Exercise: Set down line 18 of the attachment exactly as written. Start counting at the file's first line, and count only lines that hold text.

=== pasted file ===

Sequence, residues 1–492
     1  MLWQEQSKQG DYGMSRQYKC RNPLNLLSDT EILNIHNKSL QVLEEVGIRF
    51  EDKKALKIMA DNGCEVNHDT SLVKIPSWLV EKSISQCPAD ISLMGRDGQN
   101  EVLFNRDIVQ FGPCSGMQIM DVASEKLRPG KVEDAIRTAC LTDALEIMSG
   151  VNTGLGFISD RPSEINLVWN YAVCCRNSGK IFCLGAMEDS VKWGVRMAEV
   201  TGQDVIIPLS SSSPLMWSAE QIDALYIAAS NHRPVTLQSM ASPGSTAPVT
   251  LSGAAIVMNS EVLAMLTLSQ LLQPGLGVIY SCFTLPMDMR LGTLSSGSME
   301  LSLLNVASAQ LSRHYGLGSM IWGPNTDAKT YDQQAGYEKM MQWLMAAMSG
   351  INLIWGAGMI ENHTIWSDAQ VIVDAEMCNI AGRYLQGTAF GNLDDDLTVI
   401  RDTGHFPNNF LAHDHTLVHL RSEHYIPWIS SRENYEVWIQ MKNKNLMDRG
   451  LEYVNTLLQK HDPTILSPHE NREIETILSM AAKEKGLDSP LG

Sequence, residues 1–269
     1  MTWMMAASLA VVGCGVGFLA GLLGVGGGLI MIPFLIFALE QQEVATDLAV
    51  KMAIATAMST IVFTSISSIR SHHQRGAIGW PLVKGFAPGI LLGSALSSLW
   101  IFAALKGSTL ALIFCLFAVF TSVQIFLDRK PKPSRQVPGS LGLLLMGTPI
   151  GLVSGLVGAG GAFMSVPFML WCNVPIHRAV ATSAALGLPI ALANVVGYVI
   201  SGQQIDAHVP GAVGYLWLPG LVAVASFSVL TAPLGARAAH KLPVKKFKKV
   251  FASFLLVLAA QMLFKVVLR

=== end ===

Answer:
   251  FASFLLVLAA QMLFKVVLR